PA in this study was assessed with a PA questionnaire in which participants were asked about the frequency and duration of vigorous and moderate sports, fitness, and recreational activities for at least 10 continuous minutes in a typical week. PA was calculated with the combination of frequency (times per week) and duration (duration per time), and total PA was calculated with the formula 2 * vigorous PA + moderate PA, since 1 minute of vigorous-intensity activity was defined as equivalent to 2 minutes of moderate-intensity activity according to PA guidelines . Therefore, PA patterns were categorized into the following: inactive (no vigorous or moderate PA), insufficiently active (<150 minutes per week of total PA), WW (at least 150 minutes per week of total PA in 1 or 2 sessions), and RA (at least 150 minutes per week of total PA in more than 2 sessions).
Based on previous studies, covariates in this study included demographic data such as gender (male, female), age (20-44, 45-64, ≥65 years), race (non-Hispanic White, non-Hispanic Black, Mexican Americans, and other or multiracial races), education level (less than high school graduate, high school degree or equivalent, more than high school degree), income level (measured with as the ratio of family income to poverty [PIR]: low income PIR≤1.3, middle income 1.3<PIR<3.5, or high income PIR≥3.5), marital status (married or living with partner; divorced, separated, or widowed; never married). Behavioral risk factors included smoking status (never smoked, former smoker, current smoker) and alcoholism (yes, no). CVD was defined as a self-reported congestive heart failure, coronary heart disease, angina, myocardial infarction, or stroke diagnosed by a professional doctor. Diabetes was defined as a fasting plasma glucose ≥126 mg/dL, 2-hour plasma glucose ≥200 mg/dL, hemoglobin A1c ≥6.5%, or self-reported diabetes diagnosed by a professional doctor. Hypertension was defined as an average systolic pressure ≥140 mm Hg and diastolic pressure ≥90 mm Hg in 3 tests [- ].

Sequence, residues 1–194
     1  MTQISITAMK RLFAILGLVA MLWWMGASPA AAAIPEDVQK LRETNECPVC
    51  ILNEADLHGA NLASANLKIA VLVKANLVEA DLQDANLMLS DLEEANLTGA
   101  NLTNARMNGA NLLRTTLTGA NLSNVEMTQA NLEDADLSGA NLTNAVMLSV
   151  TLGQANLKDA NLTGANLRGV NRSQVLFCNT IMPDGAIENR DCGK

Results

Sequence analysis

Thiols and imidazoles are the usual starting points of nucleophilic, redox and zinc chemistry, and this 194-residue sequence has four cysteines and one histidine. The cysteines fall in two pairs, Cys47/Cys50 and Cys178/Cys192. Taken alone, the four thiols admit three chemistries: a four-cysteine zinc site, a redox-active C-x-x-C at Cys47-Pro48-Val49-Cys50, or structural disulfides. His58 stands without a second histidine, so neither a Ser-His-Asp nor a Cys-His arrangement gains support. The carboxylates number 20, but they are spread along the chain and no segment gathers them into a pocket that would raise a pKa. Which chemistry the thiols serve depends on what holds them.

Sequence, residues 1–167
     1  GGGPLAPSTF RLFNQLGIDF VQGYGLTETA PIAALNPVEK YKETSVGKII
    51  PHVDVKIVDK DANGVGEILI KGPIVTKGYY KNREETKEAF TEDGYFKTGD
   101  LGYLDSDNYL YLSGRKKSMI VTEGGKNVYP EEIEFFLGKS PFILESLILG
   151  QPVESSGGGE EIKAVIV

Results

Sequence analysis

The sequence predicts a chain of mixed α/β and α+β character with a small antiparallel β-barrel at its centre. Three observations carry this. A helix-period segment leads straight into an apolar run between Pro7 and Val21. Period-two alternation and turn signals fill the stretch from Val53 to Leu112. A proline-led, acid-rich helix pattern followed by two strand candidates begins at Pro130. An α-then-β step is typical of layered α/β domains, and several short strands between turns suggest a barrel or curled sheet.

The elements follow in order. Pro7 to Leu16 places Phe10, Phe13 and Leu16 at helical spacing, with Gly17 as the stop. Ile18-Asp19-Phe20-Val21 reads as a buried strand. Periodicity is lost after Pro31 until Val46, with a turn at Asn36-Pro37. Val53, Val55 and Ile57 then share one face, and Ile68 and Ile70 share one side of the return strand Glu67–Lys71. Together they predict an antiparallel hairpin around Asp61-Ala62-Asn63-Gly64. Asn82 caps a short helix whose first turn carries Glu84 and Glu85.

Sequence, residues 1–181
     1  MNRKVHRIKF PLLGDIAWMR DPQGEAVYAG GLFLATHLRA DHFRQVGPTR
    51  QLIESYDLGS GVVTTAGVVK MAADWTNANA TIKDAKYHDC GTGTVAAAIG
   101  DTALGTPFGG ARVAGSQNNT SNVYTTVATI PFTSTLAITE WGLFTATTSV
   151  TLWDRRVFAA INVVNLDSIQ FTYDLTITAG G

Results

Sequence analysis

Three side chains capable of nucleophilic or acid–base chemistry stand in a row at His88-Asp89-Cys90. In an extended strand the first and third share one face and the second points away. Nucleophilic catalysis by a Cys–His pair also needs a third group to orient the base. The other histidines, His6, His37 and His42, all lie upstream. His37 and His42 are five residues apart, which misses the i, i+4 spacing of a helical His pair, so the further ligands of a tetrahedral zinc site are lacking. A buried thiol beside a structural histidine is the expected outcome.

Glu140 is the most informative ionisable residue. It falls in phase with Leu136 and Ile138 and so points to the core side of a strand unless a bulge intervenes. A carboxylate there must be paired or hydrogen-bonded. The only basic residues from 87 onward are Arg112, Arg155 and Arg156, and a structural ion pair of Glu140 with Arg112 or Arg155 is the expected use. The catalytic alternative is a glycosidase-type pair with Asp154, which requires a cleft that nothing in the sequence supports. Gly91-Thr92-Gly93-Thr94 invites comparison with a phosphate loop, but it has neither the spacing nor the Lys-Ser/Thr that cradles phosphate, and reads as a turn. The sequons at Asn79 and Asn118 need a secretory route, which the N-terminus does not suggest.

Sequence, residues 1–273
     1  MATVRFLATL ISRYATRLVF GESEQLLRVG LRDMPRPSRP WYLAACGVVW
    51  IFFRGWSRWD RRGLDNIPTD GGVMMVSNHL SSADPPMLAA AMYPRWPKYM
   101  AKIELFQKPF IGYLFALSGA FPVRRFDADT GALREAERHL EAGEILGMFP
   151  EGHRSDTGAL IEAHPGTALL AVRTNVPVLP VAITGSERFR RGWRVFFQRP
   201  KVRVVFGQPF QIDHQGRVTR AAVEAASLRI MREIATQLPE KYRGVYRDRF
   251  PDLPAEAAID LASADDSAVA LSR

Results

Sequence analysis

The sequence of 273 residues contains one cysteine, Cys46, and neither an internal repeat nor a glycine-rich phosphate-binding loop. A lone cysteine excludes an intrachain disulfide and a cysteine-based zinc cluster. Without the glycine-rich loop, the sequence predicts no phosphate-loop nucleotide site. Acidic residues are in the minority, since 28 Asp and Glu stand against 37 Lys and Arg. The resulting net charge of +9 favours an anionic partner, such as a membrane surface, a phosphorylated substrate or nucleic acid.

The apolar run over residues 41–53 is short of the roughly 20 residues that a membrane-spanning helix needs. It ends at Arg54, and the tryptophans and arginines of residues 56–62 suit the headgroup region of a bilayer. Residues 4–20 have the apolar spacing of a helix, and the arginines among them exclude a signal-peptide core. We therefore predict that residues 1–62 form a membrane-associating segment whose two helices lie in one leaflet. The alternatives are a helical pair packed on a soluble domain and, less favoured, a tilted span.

According to analytic guidelines published by the National Center for Health Statistics, stratum and primary sampling units were taken into account for the complex, multistage, probability sampling design. Since 6 consecutive cycles were derived from NHANES, the 2-year mobile examination center weight divided by 6 was adopted to be representative of the general population.